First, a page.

All Quiet demonstrates a controlled use of symbols, which guide the reader’s thinking toward significant themes of loss and longing.
Most prominent are the soft airman’s boots, which pass from man to man after each wearer succumbs to a violent death. Worn by Kemmerich before his injury, they were undoubtedly stripped from a downed British airman before changing hands, which they do twice more as successive owners die. In all, four men possess the boots; none survives the war. In graphic scenes, Russian prisoners exchange their boots for crusts of bread; dismembered bodies lose not only boots, but the feet and legs they cover. Others, like Albert, have their limbs surgically removed, then fitted with artificial limbs, which mock the propriety of a whole body, undefiled by war.
A second symbol, butterflies, derives in part from Remarque’s childhood hobby of collecting insects and mounting them in a case. For Paul, the butterflies, mocked by the ominous observation balloons that hover overhead, exemplify the innocence and joy of nature. Even when the graceful creatures alight on a skull, their presence reminds the men and the reader that the land on which battles are fought still contains a semblance of natural order. A second purpose of butterflies is a tangible representation of fragility and vulnerability. Like the frail-winged insect, Paul’s life, and the lives of countless other young men, hovers on earth for a short while and ends all too soon.
The horses of Chapter 4 emphasize the change of warfare from earlier dependence on beasts of burden to mechanical devices, such as grenades, cannons, flamethrowers, machine guns, balloons, and aerial shells. The noble animals, which bear a column of men to the front, remind Paul of the steeds ridden by knights of old. The terrible cries of these wounded beasts are like the “mourning of the world martyred creation, wild with anguish, filled with terror and groaning.” Emblematic of the violence human warriors do to nature, the horses’ terrified cries perturb Detering, the farmer who values the animals far too much to jeopardize their lives in battle. In similar fashion, the messenger dog, also victimized and left to howl its pain, draws Berger into harm’s way, where he too dies in No Man’s Land.
Women in the novel represent peace, gentleness, and nurturing, as well as sexual release. The girl in the poster inspires a nostalgic urge for peacetime in Paul and, for two of his comrades, she rouses them to masturbation. At the same time, the vision of her fresh good looks emphasizes Paul’s scruffy clothes and infestation with lice. The brunette, who pragmatically exchanges sex for food and cigarettes, holds him close, allowing intimacy as a means of staying alive. His hometown looks so inviting that he compares it to a mother. Before reaching his front door, he rejects the offer of coffee from a smiling Red Cross sister, then gratefully accepts potato-cakes and whortleberry jam from his mother and sister, who have sacrificed to provide his favorite foods. Even at the beer garden, the spire of St. Margaret’s Church seems to raise a blessing over his furlough and assure his safety for the duration of his leave. On his way out of his mother’s room, Paul trips over his pack, a significant fall, which jerks his awareness back to the war, which stands in the way of his home duties, which urge him to comfort his mother as she battles cancer.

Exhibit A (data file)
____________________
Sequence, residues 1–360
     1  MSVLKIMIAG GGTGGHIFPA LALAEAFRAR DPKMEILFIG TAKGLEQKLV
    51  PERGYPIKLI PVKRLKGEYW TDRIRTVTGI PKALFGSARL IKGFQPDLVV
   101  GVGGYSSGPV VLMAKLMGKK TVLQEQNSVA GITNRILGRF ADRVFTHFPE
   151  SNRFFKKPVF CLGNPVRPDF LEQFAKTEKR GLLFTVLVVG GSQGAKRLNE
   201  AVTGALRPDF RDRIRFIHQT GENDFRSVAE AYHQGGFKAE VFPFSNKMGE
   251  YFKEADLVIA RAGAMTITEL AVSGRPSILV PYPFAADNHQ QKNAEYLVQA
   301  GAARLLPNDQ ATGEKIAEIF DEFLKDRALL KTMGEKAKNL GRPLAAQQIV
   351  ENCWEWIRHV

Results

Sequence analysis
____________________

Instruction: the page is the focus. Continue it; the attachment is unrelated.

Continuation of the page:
On the train to Cologne, Paul receives the kindness of a nurse who ennobles his sacrifices for his country with clean sheets and personal care. At the Catholic hospital, the nuns pray during Morning Devotion, despite the men’s wish for an extended sleep. A night nurse, rousted by insistent wardmates, scurries to the aid of Albert, whose wound has broken open and begun to bleed. Another nun, Sister Libertine, spreads cheer among the men, who repay her goodness with deep gratitude, especially after she returns Little Peter from almost certain death in the room beside the morgue. Marja Lewandowski, who brings along her child, shares pieces of sausage, and plumps up wilted pillows, represents motherhood and wifely regard for her husband, who craves intercourse with her after ten months in the hospital.
Paul’s fondness for potato-cakes, a direct offshoot of his attitude toward his mother, symbolizes home and sacrifice. Like the men who dig into the earth with shovels and sometimes teeth and fingernails to survive bombardment, the potato is a grubby, humble outgrowth of the same soil, as well as a welcome treat when grated and cooked in patties. During the severe rationing at home, Paul’s sister must stand in line for food, his father works late to support his household, and Paul’s mother, saintly and unselfish, cooks the cakes and puts up whortleberry jam because they are his favorite foods. The gifts are so precious to Paul that he feels compelled to share them with the starving prisoners of war and with his buddies.